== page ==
WIT Press


AN ANALYSIS OF IMPEDIMENTS TO DELIVER SUSTAINABLE TRANSPORT IN CITIES OF DEVELOPING COUNTRIES: THE CASE OF HARARE, ZIMBABWE

Price

Free (open access)

Paper DOI

10.2495/UT180231

Volume

182

Pages

12

Page Range

241 - 252

Published

2019

Author(s)

TATENDA MBARA, NOLEEN PISA

Abstract

Africa is urbanizing at a rapid rate. The rapid rise in population coupled with constrained real economic growth has created unintended consequences impacting on the economy, social fabric and the environment. Ironically, as the urban population grows, the provision of services has declined. For instance, the formal public transport that was dominant in many African cities has disappeared. The twin factors of increasing population and the dearth of conventional public transport have stimulated the growth of informal public transport, which has become the major form of public transport in many countries. Harare, the capital city of Zimbabwe, exhibits these characteristics which are common in most cities. Public transport is the preserve of the informal sector. The informal public transport sector continues to grow and the city’s main urban public space is increasingly more congested; impeding rather than facilitating the urban population’s ability to access the required social and economic services. A clear mismatch between the demand for traffic space and its availability is evident. The need to provide a sustainable urban transport system cannot be overemphasised. Sustainability creates and maintains conditions under which society can cope and viably support livelihood requirements. The key stakeholders in Zimbabwe have agreed on the need to craft a sustainable urban transport system in Harare. Notwithstanding this agreement, there is no indication of addressing the challenges and the transport system is deteriorating. The paper assesses the impediments to the realisation of a sustainable urban transport system which is vital for economic growth.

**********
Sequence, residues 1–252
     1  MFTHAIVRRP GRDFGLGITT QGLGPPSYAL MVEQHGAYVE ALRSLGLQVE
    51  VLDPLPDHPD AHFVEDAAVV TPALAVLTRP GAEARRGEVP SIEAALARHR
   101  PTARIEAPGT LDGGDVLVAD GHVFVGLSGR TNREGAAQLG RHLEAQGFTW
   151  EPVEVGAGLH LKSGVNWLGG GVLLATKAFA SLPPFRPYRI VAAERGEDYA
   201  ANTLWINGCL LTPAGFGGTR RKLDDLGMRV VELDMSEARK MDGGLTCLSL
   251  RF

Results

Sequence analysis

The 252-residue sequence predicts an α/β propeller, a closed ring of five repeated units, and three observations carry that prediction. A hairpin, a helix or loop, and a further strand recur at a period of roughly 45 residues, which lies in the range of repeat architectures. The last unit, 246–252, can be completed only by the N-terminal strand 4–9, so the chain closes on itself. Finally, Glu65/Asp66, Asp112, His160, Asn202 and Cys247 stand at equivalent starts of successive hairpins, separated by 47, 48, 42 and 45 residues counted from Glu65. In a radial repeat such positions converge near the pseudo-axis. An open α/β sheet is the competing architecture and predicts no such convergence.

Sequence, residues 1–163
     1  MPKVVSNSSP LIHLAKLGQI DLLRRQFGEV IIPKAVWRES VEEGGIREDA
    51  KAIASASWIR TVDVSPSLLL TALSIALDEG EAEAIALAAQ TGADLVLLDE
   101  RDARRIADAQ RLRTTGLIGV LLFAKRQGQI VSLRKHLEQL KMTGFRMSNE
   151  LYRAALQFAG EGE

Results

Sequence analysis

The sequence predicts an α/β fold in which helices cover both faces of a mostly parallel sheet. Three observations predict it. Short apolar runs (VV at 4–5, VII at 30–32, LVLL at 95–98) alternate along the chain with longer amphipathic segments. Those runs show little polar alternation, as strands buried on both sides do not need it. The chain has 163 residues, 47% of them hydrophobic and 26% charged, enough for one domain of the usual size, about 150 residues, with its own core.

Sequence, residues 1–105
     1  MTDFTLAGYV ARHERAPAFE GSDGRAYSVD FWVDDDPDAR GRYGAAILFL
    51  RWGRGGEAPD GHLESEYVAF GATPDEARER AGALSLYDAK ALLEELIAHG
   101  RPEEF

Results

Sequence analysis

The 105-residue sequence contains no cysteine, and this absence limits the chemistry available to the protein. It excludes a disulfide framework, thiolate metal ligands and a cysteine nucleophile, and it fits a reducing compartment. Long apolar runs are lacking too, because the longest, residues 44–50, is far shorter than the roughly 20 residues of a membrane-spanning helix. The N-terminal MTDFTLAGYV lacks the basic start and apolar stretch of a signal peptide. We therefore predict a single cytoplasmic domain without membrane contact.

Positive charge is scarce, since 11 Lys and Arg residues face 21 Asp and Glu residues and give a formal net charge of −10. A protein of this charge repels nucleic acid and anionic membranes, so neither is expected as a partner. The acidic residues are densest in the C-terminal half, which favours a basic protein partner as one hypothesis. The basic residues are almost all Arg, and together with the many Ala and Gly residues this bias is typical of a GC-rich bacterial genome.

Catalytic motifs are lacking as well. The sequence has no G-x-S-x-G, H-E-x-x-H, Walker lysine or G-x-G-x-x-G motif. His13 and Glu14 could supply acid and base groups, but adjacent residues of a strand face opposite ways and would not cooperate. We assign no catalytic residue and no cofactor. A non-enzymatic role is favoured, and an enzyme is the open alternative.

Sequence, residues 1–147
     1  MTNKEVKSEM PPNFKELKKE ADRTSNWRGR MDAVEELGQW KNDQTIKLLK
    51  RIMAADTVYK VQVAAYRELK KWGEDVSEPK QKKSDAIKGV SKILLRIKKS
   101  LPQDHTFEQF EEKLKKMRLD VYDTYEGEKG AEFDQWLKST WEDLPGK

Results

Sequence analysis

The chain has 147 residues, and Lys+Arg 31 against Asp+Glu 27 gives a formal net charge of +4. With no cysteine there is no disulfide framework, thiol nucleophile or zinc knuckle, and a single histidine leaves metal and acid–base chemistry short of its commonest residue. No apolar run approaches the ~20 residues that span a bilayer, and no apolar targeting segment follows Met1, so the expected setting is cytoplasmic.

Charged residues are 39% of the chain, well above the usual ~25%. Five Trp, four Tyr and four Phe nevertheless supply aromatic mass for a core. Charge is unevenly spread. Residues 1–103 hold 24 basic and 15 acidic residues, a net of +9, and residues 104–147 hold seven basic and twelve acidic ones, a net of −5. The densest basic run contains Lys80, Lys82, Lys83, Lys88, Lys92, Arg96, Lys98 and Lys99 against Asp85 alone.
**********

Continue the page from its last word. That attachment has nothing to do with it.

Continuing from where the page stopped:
Keywords

urbanisation, developing country, sustainable urban transport, governance, skills capacity, enforcement